Your home’s roof may not be something you think about often, but when something goes wrong it quickly becomes a top priority. And a very expensive one at that.
If you need a new roof or a major roof repair, you’ll probably want to take care of it quickly before it causes further damage.
But what if you don’t have the money on hand? How do you pay for it?
Some of your options might include credit cards, savings, financing through a contractor, home equity loans or a personal loan. We’ll talk more about which option might be right for you later in this article, but first let’s look at potential new roof costs.
How Much Does a New Roof Cost?
According to Houzz, the cost of installing or replacing a typical roof ranges from $5,200 to $10,900. Prices vary greatly based on a number of things, including where you live and the contractor you hire.
Other factors that impact the cost of a new roof might include:
- Size of your roof
- Type of material (such as asphalt shingles, metal, slate and wood)
- Number of layers (too many can make removal more difficult)
- Code requirements
- Any unique features of your roof, such as multiple skylights, plumbing pipes and chimneys
Cheaper Isn’t Always Better for a New Roof
If you have reason to believe it’s time for a new roof (or a repair), you can make a plan for moving forward in a financially responsible manner.
One thing you can do is contact three to five roofing contractors for a quote. While the estimates might be relatively close (typically within a couple of thousand dollars), you can consider other things such as:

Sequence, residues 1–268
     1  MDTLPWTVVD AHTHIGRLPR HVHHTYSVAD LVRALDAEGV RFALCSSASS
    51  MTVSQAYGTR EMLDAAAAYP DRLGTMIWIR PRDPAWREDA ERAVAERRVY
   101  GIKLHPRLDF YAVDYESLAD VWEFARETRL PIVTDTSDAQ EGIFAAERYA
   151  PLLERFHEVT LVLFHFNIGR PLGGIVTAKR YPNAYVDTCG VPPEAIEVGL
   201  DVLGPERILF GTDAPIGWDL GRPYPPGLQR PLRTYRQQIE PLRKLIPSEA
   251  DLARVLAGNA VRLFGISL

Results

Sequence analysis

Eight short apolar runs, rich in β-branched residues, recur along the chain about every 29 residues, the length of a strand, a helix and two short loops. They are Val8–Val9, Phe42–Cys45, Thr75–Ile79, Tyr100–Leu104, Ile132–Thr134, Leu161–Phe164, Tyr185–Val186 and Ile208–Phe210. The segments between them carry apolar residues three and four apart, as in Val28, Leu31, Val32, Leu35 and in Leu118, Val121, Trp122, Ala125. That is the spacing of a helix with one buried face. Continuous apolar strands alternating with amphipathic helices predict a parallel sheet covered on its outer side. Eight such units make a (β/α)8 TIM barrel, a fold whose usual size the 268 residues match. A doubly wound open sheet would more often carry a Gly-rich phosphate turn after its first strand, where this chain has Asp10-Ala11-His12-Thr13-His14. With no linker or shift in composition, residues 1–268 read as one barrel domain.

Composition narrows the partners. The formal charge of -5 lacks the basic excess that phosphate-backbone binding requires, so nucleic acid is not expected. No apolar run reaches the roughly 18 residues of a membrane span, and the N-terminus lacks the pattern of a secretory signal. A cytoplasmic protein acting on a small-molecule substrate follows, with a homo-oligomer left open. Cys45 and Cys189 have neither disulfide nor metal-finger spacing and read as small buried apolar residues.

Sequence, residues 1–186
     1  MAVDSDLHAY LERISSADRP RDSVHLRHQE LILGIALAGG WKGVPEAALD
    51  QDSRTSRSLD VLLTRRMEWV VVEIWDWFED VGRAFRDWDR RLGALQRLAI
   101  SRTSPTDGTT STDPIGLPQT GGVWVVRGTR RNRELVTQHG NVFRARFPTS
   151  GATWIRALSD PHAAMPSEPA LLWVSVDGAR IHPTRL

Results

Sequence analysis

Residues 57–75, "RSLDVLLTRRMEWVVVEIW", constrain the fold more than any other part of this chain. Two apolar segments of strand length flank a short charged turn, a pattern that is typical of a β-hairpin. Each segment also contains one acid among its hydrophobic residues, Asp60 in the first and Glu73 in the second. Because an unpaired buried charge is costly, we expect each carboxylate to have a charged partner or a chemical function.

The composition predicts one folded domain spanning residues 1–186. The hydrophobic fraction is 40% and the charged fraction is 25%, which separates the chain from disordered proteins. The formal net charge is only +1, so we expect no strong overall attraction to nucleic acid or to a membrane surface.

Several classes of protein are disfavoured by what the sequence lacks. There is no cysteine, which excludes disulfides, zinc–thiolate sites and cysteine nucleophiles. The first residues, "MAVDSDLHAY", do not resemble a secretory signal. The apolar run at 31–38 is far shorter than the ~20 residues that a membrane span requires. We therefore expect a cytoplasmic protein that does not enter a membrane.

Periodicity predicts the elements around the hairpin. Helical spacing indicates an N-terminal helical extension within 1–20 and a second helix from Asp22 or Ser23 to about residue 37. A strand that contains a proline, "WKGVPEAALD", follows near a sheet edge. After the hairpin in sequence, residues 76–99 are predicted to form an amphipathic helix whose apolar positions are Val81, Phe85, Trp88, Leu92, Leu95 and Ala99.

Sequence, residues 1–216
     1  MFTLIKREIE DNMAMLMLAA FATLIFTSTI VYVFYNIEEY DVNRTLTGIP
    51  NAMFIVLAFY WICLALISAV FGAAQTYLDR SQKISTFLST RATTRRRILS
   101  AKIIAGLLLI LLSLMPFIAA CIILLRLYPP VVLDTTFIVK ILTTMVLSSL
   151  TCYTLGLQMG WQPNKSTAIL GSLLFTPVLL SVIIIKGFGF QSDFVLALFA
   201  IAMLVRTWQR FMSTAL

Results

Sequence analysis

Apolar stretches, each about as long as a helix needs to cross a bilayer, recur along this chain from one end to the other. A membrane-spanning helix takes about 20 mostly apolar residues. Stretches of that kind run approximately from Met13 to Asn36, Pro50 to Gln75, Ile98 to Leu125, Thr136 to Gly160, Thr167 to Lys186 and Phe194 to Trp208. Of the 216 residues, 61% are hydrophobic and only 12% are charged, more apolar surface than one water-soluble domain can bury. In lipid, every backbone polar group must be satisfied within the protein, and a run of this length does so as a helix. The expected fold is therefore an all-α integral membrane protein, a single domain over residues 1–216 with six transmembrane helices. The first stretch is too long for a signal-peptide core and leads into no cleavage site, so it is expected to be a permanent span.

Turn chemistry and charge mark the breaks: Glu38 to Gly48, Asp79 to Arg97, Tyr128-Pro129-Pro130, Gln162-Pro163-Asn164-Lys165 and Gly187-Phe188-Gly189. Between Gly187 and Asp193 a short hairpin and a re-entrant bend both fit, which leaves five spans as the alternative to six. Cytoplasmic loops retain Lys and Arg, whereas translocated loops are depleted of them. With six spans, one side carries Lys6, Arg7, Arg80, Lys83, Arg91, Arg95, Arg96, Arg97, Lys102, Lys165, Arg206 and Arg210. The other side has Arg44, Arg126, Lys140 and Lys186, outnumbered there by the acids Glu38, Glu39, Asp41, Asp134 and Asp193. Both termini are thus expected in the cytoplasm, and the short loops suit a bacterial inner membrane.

- Reputation, online reviews and references
- Experience and knowledge
- Quality of material
It might sound like a good idea to go with the cheapest quote, until you realize that the contractor is using poor quality material, doesn’t have nearly as much experience as the others on your short list or has poor reviews.
Price is important, but the end result is what matters most.
Is a New Roof Really Necessary?
Replacing your roof may not be the most satisfying home improvement project, because you don’t get to enjoy it the same way you would an upgraded kitchen, luxurious bathroom, or new hardwood flooring.
Even so, you may consider taking this project off the back-burner. Here’s why: an old roof can’t protect your home as intended, which can lead to additional damage. Plus, depending on the design of your home, a new roof can actually give your home a facelift and make it look really nice.
For example, a leaking roof can cause damage to the wood underneath and to your home’s interior. Then, instead of simply replacing the roof, you have more trouble on your hands (which costs you more money).
How to Pay for a New Roof
The way you pay for a new roof depends largely on your financial situation.
If you have the money in an emergency account, it may make sense to pay in cash and move on.
If you don’t have enough cash on hand, you’ll want to look into other options.
A credit card may be the first thing you consider, but if you can’t pay it off in time you could end up with high interest debt on a revolving balance. Plus, you may not have enough available credit to fund the entire project.
Another option is a home equity loan, but this may require you to take out more than $35,000, and a roof project may not be quite that large.
If the project is less than $35,000 or you need the money quickly, a personal loan may make sense, as you can secure a competitive rate for the exact amount of money you require. Best yet, most people get a decision the same day and funds can be sent as soon as the next business day after acceptance.